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Paying for renovations

Discussion in 'Property Finance' started by menty, 19th Apr, 2016.

  1. menty

    menty Well-Known Member

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    Are you able to use money in an equity account to pay for a renovation at a newly bought investment property?

    What if the renovation was paid in cash? Im assuming this is a no as there would be no receipts and hence not tax deductible?
     
  2. datto

    datto Well-Known Member

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    Yeah, you need documentary evidence to prove how much you spent on the reno. Unfortunately the ATO doesn't trust us,
     
  3. dabbler

    dabbler Well-Known Member

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    I am not sure what you mean by equity account, but in regard to cash........of course you can pay in cash, it is legal tender, so why not ? The person you pay still gives you a tax invoice.

    If you mean someone is trying to get cash off you & no tax invoice, well, no, not good on many levels & do you trust them to return is there is a problem.
     
  4. albanga

    albanga Well-Known Member

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    There are two tax elements here. The first is claiming the depreciation, how that will look I am unsure but it wouldn't matter if it were paid in loan money or cash. The depreciation would still apply if valid.

    The second though and I am guessing what you are more talking about is claiming the interest on paying for the Reno if a loan is used. In that case then obviously cash cannot be claimed so from my limited understanding you would be better if borrowing from a seperate split (ensuring not mixed with anything). Then place the cash in your offset against your PPOR.
     
  5. Andrew H

    Andrew H Well-Known Member

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    Another thing to think about, Personally i end up with a lot of cheap/free materials from say gumtree, ebay, friends, garage sales etc. depending on extent of the reno it may be worth getting a depreciation assesment done straight after the reno and the surveyor add their value to items which will be higher than what you paid for them.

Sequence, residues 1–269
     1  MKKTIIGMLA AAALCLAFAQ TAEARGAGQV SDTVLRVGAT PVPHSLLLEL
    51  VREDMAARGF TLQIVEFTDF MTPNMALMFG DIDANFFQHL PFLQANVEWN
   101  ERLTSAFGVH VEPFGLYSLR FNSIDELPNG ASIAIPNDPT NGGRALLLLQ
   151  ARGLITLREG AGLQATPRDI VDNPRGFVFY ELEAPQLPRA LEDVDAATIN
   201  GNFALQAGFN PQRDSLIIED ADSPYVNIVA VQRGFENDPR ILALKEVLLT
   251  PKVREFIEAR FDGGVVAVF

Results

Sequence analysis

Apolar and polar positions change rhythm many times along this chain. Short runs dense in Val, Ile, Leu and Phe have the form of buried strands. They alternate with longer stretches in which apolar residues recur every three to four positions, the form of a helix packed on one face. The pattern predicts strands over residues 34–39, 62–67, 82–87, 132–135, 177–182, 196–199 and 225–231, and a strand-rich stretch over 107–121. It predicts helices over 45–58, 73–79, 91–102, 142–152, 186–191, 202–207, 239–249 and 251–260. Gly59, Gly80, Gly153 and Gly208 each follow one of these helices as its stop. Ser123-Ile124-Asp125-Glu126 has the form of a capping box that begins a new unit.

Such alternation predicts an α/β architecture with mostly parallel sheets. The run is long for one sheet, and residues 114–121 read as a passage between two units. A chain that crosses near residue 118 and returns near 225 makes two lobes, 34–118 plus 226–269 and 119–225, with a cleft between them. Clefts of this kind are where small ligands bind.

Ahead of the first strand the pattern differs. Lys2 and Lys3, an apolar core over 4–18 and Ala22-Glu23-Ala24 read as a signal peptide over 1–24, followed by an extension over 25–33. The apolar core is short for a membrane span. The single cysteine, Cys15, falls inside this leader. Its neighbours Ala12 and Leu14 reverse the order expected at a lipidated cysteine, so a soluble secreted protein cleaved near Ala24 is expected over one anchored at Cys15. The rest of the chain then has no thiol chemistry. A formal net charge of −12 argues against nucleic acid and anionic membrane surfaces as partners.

Another reason i do this is when i paint tiles the surveyor often thinks they are brand new tiles and a full bathroom/kitchen/floor reno has been done (so i tell them too)! much more than the paint i paid/didnt pay for!
     
    Last edited: 20th Apr, 2016
  6. menty

    menty Well-Known Member

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    Doesn't the QS need receipts for the renovation item?
    What's to stop everyone buying a 200$ Used oven, losing the receipt , and then getting a QS valuing the oven at $500?

    You may as well pay cash for your whole renovation , not deduct any interest , and claim depriciation from a QSR?
     
  7. Paul@PFI

    Paul@PFI Tax Accounting + SMSF Business Member

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    A QS report is prepared based on your actual cost not what its worth or could have cost. Labour is free and if the material are free (and used) then there may be little or no cost to be concerned with. If something is free how can you claim a deduction ?

    Receipts for capital expenditure can be requested. I have clients audited where the ATO wanted evidence the capital costs where actually incurred especially on a new / modified QS report. Generally substantiation for all tax costs is a two part process. First a receipt and second evidence how it was paid eg EFT, cash withdrawal, loan etc. The ATO love catching taxpayers who pay cash.
     
  8. Andrew H

    Andrew H Well-Known Member

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    I tell them the renovation was done by the previous owners prior to them selling, within the last year also so max is claimed in depreciation. Like i said depends on the extent of the renovation and i make a judgement on how much cheap and or free materials i used. I give them receipts for big cost items i used if looks seperate to what the "previous" owners did. I wont comment much further, you'll get the idea.@menty
     
    Last edited: 21st Apr, 2016